- In a circular economy, products can be used again and again.
- This reduces our use of precious raw materials and cuts CO2 emissions.
- Circular economy initiatives include the Circulars Accelerator, an innovation program run in collaboration with the World Economic Forum.
The way we live now is using 60% more resources than the Earth can provide – and creating too much waste, according to experts.
Switching to a circular economy is widely considered to be the way forward.
What is the circular economy?
In a circular economy, things are made and consumed in a way that minimizes our use of the world’s resources, cuts waste and reduces carbon emissions. Products are kept in use for as long as possible, through repairing, recycling and redesign – so they can be used again and again.
At the end of a product’s life, the materials used to make it are kept in the economy and reused wherever possible, the European Parliament explains.
Why is the circular economy important?
The circular economy is an alternative to traditional linear economies, where we take resources, make things, consume them and throw them away. This way of living uses up finite raw materials and produces vast quantities of waste.
For example, the European Union produces more than 2.5 billion tonnes of waste a year.
Extracting and processing raw materials impacts the environment and increases energy consumption and CO2 emissions.
A circular economy could unlock $4.5 trillion of value by 2030, a report by Accenture estimated.
What changes could make the world more ‘circular’?
Consumers, businesses and politicians all need to make changes.
Examples are set out in The Circularity Gap Report, an annual document on the state of the circular economy, launched at the World Economic Forum’s Annual Meeting in Davos.
Ideas to create less emissions include adopting a plant-based diet and buying food locally, as well as flying less often and sharing vehicles.
Homes, offices and other buildings can be designed to have multiple uses. For example, an office space that is also a community center and night school.
It should also be easy and affordable to repair products, such as a mobile phone with an old battery.
Is recycling part of the circular economy?
Recycling involves converting waste materials into new materials and objects. This process itself uses energy and creates emissions, so can still contribute to global warming.
In an ideal circular economy, products are redesigned so they last through several life cycles – rather than being immediately recycled.
This can include refurbishing and redistributing products.
How can we build a circular economy?
There are a growing number of circular economy initiatives and technologies already underway.
Examples include the Circulars Accelerator, a six-month program run by UpLink, the World Economic Forum’s innovation crowdsourcing platform, to help circular economy innovators scale their ideas. In 2022, 17 start-ups are taking part in the program.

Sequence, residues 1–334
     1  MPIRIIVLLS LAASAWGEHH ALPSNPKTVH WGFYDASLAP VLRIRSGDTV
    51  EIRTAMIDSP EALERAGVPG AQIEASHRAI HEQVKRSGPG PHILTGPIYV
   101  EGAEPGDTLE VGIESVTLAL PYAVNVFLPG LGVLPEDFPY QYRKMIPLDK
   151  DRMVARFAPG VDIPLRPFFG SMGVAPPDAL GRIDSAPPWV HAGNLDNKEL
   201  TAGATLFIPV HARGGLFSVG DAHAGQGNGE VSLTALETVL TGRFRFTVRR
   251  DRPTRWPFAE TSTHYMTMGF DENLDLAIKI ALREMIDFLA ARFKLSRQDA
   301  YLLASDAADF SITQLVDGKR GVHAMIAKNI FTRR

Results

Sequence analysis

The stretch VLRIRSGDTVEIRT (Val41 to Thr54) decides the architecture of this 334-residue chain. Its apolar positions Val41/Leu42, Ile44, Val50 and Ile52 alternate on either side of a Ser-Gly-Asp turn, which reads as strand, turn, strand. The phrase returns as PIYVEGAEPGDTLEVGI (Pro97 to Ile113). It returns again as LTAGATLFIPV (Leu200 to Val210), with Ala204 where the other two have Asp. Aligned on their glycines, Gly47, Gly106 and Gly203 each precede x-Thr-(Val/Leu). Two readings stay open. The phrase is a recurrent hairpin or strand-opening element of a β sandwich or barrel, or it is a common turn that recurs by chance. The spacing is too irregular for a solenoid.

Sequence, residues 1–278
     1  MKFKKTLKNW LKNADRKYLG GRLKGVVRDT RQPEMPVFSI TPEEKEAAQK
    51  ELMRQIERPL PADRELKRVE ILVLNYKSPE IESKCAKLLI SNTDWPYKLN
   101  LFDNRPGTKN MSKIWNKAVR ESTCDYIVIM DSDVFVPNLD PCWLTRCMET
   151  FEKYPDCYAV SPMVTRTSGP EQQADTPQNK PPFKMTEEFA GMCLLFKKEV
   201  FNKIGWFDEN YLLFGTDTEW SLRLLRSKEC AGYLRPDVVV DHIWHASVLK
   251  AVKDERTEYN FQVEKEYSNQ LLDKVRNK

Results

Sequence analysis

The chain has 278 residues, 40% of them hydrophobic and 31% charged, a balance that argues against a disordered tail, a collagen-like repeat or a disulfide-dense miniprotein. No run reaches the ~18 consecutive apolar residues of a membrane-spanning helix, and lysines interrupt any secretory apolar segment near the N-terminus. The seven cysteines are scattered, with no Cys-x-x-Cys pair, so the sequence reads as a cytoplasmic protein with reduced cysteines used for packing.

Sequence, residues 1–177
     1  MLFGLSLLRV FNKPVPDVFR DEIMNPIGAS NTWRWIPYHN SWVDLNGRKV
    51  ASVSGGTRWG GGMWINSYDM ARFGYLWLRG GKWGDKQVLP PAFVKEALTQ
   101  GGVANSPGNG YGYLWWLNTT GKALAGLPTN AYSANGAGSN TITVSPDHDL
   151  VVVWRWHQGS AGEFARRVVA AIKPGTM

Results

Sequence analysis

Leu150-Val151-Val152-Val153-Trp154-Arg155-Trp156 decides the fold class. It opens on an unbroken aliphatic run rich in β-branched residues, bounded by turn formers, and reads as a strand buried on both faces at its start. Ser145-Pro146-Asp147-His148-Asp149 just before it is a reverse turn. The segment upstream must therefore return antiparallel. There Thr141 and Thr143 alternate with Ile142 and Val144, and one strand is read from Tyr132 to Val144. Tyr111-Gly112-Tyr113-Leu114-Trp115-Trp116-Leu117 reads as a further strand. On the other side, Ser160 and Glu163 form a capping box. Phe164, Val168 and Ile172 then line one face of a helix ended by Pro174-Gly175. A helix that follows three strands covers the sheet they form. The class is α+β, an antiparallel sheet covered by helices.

They include Aquacycl, an American company that generates electricity from untreatable waste water; Done Properly, a company in Chile developing sustainable food ingredients and Green Mining, a company in Brazil that recycles consumer packaging.
Scale360° is another Forum circular economy initiative to help technologists, political leaders and entrepreneurs change how products are made and consumed. In Germany, for instance, a campaign is underway to educate consumers on the environmental impact of ‘white goods’ such as fridges and washing machines.
Other companies driving circular economy innovation include Swedish denim brand, Nudie. It offers a lifetime repair service on its jeans, and says it repaired more than 60,000 pairs of jeans in 2019.
The World Economic Forum has created a series of initiatives to promote circularity.
1. Scale360° Playbook was designed to build lasting ecosystems for the circular economy and help scale solutions.
Its unique hub-based approach – launched this September – is designed to prioritize circular innovation while fostering communities that allow innovators from around the world to share ideas and solutions. Emerging innovators from around the world can connect and work together ideas and solutions through the UpLink, the Forum’s open innovation platform.
Discover how the Scale360° Playbook can drive circular innovation in your community.
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2. A new Circular Cars Initiative (CCI) embodies an ambition for a more circular automotive industry. It represents a coalition of more than 60 automakers, suppliers, research institutions, NGOs and international organizations committed to realizing this near-term ambition.
CCI has recently released a new series of circularity “roadmaps”, developed in collaboration with the World Economic Forum, the World Business Council for Sustainable Development (WBCSD), McKinsey & Co. and Accenture Strategy. These reports explain the specifics of this new circular transition.
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3. The World Economic Forum’s Accelerating Digital Traceability for Sustainable Production initiative brings together manufacturers, suppliers, consumers and regulators to jointly establish solutions and provide a supporting ecosystem to increase supply chain visibility and accelerate sustainability and circularity across manufacturing and production sectors.
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